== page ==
Migration of cells into the central nervous system (CNS) is a pivotal step in the pathogenesis of immune-mediated diseases such as multiple sclerosis (MS), experimental allergic encephalomyelitis (EAE) and virus-induced demyelinating diseases. Such migration is dependent on expression of adhesion molecules. The expression of adhesion molecules in the CNS was studied in Biozzi ABH mice infected with Semliki Forest virus (SFV) A7(74) - an important demyelinating model of MS. Expression of LFA-1alpha/CD11a, LFA-1beta/CD18 and ICAM-1/CD56 were rapidly elevated and remained high whereas MAC-1, CD44 and VCAM-1/CD106 were less widely expressed. The alpha4-integrin VLA-4/CD49d was more specifically associated with CNS lesions. To identify the importance of VLA-4, CD44, ICAM-1 and MAC-1 in the pathogenesis of SFV infection, monoclonal antibodies that block these adhesion molecules were administered in vivo during infection. Anti-VLA-4 treatment dramatically reduced the cellular infiltrates and demyelination within the CNS but did not affect the clearance of virus while antibodies to CD44, ICAM and MAC-1 antibody treatment had no effect. This study demonstrates that SFV infection induces the expression of adhesion molecules within the CNS and that VLA-4 plays an important role in the development of inflammation and demyelination in the CNS following SFV infection.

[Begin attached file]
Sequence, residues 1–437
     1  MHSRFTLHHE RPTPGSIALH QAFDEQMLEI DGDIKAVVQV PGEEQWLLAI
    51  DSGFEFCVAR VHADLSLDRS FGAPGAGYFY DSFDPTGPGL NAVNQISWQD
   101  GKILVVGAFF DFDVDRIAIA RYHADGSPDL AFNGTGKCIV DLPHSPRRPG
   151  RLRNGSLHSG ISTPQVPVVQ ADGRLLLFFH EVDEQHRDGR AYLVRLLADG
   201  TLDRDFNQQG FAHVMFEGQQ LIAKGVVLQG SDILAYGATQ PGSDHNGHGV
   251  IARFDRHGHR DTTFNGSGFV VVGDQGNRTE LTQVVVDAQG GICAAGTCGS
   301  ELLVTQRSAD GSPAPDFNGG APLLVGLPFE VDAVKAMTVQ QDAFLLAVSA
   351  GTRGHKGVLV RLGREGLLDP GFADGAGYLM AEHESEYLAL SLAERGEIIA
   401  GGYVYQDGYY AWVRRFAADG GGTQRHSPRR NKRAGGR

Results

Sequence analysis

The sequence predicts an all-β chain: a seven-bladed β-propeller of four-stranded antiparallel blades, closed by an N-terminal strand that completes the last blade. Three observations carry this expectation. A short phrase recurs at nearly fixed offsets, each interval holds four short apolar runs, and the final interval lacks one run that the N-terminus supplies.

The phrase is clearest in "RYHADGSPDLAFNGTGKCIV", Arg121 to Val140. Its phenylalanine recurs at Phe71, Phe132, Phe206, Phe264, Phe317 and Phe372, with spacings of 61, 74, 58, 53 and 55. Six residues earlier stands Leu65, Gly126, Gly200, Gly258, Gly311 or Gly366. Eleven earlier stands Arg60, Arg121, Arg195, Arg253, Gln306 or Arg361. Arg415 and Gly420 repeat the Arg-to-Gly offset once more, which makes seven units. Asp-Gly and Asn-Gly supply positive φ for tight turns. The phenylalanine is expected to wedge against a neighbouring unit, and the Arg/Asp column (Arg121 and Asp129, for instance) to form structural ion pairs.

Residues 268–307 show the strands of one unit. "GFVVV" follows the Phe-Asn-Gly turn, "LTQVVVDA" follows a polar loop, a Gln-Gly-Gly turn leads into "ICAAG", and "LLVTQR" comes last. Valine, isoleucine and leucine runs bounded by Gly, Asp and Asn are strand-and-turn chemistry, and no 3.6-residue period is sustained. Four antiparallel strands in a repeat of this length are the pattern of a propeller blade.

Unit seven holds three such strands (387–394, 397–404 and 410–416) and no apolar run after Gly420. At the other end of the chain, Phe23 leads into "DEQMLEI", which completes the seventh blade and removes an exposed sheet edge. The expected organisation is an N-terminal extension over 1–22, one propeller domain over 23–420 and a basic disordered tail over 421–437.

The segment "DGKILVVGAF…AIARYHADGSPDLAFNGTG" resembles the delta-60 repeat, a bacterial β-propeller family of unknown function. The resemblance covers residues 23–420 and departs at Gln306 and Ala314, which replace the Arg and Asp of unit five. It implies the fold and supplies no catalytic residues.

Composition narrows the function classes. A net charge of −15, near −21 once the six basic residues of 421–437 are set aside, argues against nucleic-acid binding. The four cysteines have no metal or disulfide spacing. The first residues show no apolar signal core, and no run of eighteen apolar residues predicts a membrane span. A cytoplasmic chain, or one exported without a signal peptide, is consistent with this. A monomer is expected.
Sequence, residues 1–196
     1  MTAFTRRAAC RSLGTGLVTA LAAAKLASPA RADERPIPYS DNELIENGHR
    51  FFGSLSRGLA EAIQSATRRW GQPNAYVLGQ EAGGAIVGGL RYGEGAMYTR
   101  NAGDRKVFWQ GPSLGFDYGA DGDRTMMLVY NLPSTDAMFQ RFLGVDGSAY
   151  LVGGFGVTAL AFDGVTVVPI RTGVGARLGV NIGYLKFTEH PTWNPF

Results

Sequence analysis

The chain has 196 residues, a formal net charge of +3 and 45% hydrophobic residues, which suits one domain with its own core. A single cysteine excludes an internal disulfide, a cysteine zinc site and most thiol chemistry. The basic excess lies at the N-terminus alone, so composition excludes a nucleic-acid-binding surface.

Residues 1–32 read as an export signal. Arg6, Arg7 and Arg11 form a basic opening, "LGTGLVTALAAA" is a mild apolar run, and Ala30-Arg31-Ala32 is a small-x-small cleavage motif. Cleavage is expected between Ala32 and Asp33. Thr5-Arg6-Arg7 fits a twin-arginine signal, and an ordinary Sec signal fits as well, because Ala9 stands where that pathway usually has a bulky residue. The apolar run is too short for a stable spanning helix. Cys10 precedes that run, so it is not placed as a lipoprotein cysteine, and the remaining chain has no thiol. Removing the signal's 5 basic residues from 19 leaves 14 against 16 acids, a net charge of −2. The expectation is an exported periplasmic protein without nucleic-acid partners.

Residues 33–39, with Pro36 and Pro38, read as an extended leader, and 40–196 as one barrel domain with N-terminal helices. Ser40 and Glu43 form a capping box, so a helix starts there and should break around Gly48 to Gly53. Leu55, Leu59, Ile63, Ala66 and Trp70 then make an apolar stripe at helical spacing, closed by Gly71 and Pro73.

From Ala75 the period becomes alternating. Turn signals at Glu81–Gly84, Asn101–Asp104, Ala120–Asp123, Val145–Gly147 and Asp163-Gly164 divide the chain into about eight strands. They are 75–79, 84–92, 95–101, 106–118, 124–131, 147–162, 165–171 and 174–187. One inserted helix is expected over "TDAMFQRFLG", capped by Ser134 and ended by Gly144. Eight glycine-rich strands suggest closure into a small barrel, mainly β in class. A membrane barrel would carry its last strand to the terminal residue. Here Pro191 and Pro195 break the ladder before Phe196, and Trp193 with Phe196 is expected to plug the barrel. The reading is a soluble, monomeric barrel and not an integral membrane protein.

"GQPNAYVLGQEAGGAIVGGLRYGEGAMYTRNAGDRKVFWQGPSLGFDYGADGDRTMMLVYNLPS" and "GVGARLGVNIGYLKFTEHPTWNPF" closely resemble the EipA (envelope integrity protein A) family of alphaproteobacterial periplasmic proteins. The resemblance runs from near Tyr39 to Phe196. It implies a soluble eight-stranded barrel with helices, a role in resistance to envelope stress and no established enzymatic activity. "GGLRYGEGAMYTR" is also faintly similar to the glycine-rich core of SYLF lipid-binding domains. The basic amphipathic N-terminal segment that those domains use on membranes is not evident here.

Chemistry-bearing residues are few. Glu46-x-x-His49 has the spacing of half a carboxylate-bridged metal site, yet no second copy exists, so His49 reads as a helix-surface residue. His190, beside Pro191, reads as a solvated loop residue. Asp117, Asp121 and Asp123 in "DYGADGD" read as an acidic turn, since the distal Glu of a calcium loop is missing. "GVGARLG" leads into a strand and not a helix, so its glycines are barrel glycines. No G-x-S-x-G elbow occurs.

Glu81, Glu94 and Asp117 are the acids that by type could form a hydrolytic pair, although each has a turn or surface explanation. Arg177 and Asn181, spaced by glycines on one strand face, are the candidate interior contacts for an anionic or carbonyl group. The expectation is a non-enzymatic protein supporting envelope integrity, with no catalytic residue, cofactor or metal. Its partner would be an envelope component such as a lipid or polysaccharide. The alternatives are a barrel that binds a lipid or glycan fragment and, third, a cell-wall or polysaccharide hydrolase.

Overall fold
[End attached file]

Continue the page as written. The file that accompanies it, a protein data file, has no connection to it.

|Number of pages||9|
|Journal||Journal of Neuroimmunology|
|Publication status||Published - 1 Jul 2000|